The songs are simple, eminently singable and enjoyable. They
work in the singing voice. I found that here was an important
voice in American music, and a voice that had for some reason
stilled itself. The 40th anniversary of her death,
which happened in 1972, is in 2012 and I wish to make a re-birth
possible. In fact, I am arranging for a recording of all her
choral works at The Crane School of Music, in Potsdam, New York,
with Delos distributing it. Lucy Mauro will do all of Lang’s
piano works; and in addition, a Volume II of her songs, which
we recorded, is appearing in January 2012 entitled New Love
LM: Donald and I both felt, as we looked at her songs
(some 140 were published) that these are really an American
treasure and that this music deserved to be heard and performed
again. We’ve been working on this project for about four years,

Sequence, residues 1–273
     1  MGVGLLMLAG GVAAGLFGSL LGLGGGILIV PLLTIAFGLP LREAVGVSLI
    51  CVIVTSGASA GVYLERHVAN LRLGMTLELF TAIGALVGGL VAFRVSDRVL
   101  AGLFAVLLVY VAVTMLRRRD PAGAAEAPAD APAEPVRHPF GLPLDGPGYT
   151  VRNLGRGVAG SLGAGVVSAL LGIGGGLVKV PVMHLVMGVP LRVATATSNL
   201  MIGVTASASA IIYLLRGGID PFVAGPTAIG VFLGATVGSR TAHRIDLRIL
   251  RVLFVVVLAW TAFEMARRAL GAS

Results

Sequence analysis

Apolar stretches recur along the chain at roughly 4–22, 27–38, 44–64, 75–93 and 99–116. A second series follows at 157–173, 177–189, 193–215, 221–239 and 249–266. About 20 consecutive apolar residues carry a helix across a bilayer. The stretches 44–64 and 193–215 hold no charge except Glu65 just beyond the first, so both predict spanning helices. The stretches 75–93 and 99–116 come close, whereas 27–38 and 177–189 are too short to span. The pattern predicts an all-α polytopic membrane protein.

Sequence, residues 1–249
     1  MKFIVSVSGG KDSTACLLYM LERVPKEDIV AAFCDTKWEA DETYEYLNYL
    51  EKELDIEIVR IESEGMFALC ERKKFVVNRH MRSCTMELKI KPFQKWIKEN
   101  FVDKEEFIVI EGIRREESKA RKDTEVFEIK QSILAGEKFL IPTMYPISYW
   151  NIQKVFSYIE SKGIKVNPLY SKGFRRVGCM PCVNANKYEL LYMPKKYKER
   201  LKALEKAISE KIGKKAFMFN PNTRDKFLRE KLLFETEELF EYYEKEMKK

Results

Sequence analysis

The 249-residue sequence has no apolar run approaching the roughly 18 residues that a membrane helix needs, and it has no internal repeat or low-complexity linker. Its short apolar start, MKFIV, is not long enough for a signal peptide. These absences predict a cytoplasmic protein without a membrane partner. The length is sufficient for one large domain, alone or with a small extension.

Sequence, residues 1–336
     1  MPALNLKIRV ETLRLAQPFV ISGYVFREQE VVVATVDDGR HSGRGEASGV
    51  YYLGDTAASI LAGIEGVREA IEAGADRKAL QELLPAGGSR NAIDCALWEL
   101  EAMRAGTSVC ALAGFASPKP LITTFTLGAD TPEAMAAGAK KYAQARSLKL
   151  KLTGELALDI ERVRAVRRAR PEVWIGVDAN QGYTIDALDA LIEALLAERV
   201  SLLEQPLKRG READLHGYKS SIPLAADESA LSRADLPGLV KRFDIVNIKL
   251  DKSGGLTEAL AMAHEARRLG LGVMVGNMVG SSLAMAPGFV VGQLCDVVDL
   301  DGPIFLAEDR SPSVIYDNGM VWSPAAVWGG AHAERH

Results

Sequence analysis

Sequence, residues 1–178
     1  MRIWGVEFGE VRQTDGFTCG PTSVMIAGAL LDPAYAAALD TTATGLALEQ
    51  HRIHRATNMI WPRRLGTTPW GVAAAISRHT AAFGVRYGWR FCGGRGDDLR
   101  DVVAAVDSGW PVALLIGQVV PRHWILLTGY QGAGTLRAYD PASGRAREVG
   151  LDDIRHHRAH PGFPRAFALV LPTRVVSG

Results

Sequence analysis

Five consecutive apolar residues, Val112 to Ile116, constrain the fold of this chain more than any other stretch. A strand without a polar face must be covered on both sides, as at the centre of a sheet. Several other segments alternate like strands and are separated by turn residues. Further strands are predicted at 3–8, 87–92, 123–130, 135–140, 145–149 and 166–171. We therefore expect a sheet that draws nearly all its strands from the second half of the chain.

researching her music and her fascinating life. Donald discovered
her from an article he read online by Laurie Blunsom called
“Margaret Ruthven Lang; Boston’s Other Famous Woman Composer”
when he was researching American female composers. It started
this exciting project.
MMB: Do you think that she is an important composer? Why?
DG: She is an important composer; yet, because of her
decision to stop composing and in fact destroying most of everything
she could get her hands on, she has little influence. This mantel
of importance was passed on to Amy Beach, who is studied as
the important American female composer. Yet Lang, with
her melodic gift, her philosophical directness and her startling
harmony, is a much more interesting composer. This period is
often called by musicologists as the “Black Hole” of American